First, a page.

David Operback suggested we could take an approach more like the Eastern Orthodox. Now, I have great respect for the EO Church. But they have problems too. They lean, on occasion, on a traditional EO interpretation of history, even when that view seems to fly in the face of both our best historical analysis, and what seems to be the clear teaching of scripture. That just seems to create the same problems evangelicals have, twice over.
    Lastly, as others have stated, yes it IS absolutely inconsistent for evangelicals to trust completely in the inspiration and authority of scripture – to the point of inerrancy – while simultaneously feeling it appropriate to completely question, whenever convenient, the authoritative church context in which the canon was first forged. Sure, we can make up some sort of quasi-common-sensical reason why we separate these two out. But not in any way that seems to really do justice to history and intellectual consistency.

  • Russ

    RJS
    I guess I could have said textus rec., but I use the KJV as an easy reference point. Why only these books,letters etc. for most, if not all ,evangelicals. My last point was that most, if not all, of the bible as we know it was tradition and stories eventually written down. Now, we try to incorporate the basics into our 21st century lives. Does that make sense?

  • Rodney

    As others have implied, and what I found so helpful in Dunn, the canon is the clue to the interplay of authority and tradition. In his book “Unity and Diversity” he builds on the work of others (C. H. Dodd and Vincent Taylor) tracing how kerygma (singular) became kerygmata (plural)–much like, I think, RJS and Scot McKnight are arguing.
    In other words, the canon is both result and process.

  • Russ

    So, I am basically asking why in that era 1400-1500 years after the fact, in the midst of the church splitting into major factions and groups, it boils down to these books are the only ones to trust? Because many of the ‘traditions’ are so very cultural, that we -the Western Judeo-evangelical Christian- seem to put little or no stock in many traditions.Besides baptism, what traditions do we all follow? I can’t just check my brain in at the door or pretend that any contrary evidence to tradition and biblical understanding has to be correct.

  • http://www.precipicemagazine.com Darren King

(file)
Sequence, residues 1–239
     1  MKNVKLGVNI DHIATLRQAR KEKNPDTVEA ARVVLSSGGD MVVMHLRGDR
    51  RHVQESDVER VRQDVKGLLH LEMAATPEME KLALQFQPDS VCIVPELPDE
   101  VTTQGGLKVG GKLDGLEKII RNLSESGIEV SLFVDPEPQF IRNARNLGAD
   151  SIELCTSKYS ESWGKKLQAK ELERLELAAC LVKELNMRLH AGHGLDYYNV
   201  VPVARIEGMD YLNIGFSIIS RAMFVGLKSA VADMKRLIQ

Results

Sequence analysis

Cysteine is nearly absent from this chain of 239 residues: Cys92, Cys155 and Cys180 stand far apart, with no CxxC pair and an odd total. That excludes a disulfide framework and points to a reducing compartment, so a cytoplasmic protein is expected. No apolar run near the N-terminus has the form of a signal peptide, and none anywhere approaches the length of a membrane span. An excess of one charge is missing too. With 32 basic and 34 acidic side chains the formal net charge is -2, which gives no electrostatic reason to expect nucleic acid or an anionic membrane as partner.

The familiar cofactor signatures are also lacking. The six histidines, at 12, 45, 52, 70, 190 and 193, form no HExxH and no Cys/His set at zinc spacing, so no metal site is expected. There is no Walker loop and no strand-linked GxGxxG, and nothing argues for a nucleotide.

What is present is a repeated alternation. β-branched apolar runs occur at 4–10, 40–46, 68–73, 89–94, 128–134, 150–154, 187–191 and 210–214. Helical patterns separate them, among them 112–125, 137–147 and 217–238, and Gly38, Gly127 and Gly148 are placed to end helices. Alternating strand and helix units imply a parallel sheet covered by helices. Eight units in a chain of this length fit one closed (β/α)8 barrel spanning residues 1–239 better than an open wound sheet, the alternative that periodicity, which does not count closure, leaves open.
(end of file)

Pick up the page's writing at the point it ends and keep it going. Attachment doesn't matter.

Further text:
It seems like one of the things that should be “on the table” is the issue of *interpretation* of experience.
    I believe the gospel descriptions of the risen Christ to be very reliable. I have no doubt that those earliest followers really did experience something unique and profound in communing with a risen Jesus. And, as NT Wright says, its not like they didn’t get the fact that this *wasn’t supposed to happen*. They knew dead bodies weren’t supposed to pick up and start walking around.
    So I look to Christian history and Christian scripture in this instance as very reliable.
    Now, on the issue of what one does *with* this event, that’s another issue. This is where worldview comes more into play. How Paul, or Peter, or anyone else then interpreted these events is a different matter. And its on this second level of interpretation that I think the traditional model of absolute, unthinking scriptural reliance runs into problems.
    Thought I’d just throw that out there to provoke some more conversation. Thoughts?

  • RJS

    Russ,
    The NT canon was finalized much earlier wasn’t it?
    Or are you asking about the RCC vs protestant OT?
    I still don’t understand what you are getting at.

  • http://faithandfood.morizot.net/ Scott Morizot

    Russ, I’m still a little confused by your point. Protestants affirmed the same NT canon that the Church had always used (even if they didn’t like it as Luther didn’t like James). So the NT canon has been settled from the 4th century (and really mostly settled over the course of the 3rd and even earlier for some pieces like the canonical gospels) not the 16th.
    The Reformers did swap out the OT canon of the church for a different one, so the OT canon used by Protestants is only affirmed within their tradition and arguably dates (as a Christian canon) only from the 16th century. Is that what you had in mind?

  • Your Name

    Brian #26,
    “At the core of it, what I am suggesting is a hermeneutic that properly places tradition where it should be…subordinate to the text.”
    It sounds like you are saying that our interpretation of scripture always is paramount to tradition’s interpretation?
    Doesn’t this mean we are interpreting scripture in spite of tradition? I agree that scripture should be paramount but we have to interpret it correctly to get at the truth message. How do we determine what the text says to compare with tradition? Isn’t tradition involved in determining our interpretation? It is tough to decouple them and make our interpretation superior.
    Are you comparing tradition to a “plain reading” or literal reading? Is that possible?
    Respectfully,
    Cam

  • Mich

    I thought all authority in Heaven and Earth is in Christ, which would lead one read the Bible mediated through Christ–or perhaps a la Rich the Rule of Faith. I think Scott’s second way as outlined in the Blue Paraqueet is another way through this because it allows to read scripture with Tradition. Not to open can of worms–or Diet?–but the whole NPP and Justification versus more Traditional readings is exactly the dispute or alternate readings outlined here.

  • Your Name